This page covers:
- Viewing existing planning applications
- Making a planning application
VIEWING EXISTING PLANNING APPLICATIONS
Existing planning applications may be viewed here: http://www.southdowns.gov.uk/planning/search
Note from Ed French - Burpham Village Committee (Planning)
One aspect of planning that always raises a lot of queries is the question of "tree work". Whilst I am very happy to answer any queries you might have in this regard, this piece of information will actually answer a lot of questions: : “You do not need to give notice of work on a tree in a conservation area if the tree is less than 7.5 centimetres in diameter, measured 1.5 metres above the ground (or 10 centimetres if thinning to help the growth of other trees.” This website might also give you some information: https://www.gov.uk/government/publications/tree-preservation-procedures-guidance
MAKING A PLANNING APPLICATION
Message from Ed French – Burpham Village Committee (Planning)
Our villages of Burpham and Wepham can be defined by the informal layout of the houses, the prominent role of flint and the meandering nature of the street. Our small oasis at the end of the Burpham road integrates us with the surrounding agriculture and ancient downland. Whilst it is clear how remote we are, the effects of severe weather can highlight this point, and also attract many visitors to our beautiful surroundings.
Whilst acknowledging that planning will always continue to be one of the most emotive and divisive issues that we encounter, sympathetic and timely communication is vital whilst a solution is sought. We have become accustomed to being in a conservation area and the restrictions that this places upon us, especially since April 2011 when we became part of the South Downs National Park. Since 1 April 2012 this body now handles and processes any planning permission requests and I would recommend study of their website prior to submission of any application. There are substantial controls and restrictions that we are all subject to, but with dialogue and flexibility a mutually agreeable proposal can generally be achieved that satisfies the overriding aim of planning: that is to allow the village to evolve at a gentle and sympathetic manner.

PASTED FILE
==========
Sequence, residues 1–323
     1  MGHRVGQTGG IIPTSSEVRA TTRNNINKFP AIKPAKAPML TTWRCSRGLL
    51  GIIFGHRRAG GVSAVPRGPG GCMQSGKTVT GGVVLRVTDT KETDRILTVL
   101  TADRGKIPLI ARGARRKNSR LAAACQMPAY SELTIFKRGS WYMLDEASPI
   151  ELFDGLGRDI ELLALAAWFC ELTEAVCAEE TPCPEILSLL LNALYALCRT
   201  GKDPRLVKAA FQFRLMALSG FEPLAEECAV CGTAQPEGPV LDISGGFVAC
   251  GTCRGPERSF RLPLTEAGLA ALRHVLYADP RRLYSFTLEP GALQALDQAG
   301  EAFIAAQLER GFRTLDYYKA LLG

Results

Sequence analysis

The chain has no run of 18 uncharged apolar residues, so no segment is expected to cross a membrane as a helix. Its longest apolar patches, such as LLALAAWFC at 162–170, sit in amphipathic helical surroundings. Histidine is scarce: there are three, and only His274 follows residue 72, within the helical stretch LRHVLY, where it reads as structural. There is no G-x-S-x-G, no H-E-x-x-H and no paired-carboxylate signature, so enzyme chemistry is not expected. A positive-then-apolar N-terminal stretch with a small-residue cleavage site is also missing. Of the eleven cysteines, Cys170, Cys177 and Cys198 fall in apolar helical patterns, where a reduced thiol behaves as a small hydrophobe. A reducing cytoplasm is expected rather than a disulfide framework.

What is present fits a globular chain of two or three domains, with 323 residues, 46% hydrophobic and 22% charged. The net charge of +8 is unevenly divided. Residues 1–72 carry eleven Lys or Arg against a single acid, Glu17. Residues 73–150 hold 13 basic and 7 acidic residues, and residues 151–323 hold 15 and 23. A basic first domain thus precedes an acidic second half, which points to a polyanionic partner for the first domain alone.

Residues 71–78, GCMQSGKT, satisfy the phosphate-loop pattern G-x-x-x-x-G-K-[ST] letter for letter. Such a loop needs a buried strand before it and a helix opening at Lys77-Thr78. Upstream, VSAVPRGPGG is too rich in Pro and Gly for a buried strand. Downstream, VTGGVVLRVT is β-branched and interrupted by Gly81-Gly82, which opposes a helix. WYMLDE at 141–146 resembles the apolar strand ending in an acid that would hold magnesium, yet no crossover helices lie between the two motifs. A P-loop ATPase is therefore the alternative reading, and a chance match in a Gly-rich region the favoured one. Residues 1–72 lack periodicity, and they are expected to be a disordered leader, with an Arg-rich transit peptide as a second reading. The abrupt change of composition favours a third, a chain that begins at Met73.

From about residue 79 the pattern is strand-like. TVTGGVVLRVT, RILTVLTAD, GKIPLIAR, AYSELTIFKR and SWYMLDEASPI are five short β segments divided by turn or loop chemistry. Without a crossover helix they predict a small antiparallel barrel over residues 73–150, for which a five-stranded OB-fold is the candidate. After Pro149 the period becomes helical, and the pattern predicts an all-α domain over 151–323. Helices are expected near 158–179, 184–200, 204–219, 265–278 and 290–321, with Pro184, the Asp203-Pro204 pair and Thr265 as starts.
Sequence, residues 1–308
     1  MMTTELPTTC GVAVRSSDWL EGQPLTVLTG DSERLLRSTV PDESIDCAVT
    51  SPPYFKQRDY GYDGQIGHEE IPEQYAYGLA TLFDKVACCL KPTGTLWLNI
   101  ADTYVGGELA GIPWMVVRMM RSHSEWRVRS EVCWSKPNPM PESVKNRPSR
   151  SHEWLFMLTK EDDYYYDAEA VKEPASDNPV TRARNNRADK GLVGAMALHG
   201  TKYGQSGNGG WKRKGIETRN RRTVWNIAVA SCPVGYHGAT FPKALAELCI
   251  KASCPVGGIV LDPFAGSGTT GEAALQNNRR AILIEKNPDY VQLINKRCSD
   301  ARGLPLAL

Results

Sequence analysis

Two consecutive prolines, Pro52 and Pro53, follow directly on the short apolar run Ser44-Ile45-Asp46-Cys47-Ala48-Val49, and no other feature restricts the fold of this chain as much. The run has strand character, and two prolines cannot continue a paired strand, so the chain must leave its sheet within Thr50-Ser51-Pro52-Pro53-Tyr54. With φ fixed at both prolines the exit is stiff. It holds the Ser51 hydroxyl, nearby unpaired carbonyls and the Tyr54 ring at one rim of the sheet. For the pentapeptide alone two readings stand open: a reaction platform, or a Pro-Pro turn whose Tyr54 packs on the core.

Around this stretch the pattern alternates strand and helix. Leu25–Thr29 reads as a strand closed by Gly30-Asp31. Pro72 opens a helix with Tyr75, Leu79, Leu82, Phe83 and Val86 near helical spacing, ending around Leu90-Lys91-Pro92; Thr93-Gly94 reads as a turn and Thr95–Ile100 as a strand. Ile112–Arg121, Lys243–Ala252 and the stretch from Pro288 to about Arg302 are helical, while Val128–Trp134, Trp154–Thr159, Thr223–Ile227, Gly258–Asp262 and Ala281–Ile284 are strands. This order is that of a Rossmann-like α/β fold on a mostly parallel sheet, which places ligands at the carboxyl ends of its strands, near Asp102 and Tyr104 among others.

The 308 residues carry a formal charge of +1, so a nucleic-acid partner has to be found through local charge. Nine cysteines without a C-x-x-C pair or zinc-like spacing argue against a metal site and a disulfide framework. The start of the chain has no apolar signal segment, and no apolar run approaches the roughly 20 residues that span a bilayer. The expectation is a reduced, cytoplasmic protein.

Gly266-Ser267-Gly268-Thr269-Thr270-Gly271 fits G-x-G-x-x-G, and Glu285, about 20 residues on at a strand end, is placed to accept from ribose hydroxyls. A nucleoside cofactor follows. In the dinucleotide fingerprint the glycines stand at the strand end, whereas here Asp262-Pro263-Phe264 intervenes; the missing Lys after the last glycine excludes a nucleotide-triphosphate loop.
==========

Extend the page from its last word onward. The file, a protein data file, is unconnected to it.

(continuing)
Whilst it is commonplace to employ firms to manage a building scheme, recent experience has suggested that frequently they are not totally familiar with the extra requirements of works within such a stunning area. At any stage of the planning process, please feel free to contact me. If I do not know the answer I will endeavour to find out or offer guidance based on case history. I can be contacted on 884459 or email@example.com. I always aim to gather both negative and positive views of any proposed development so that the Committee can then try accurately to reflect the opinions of the village.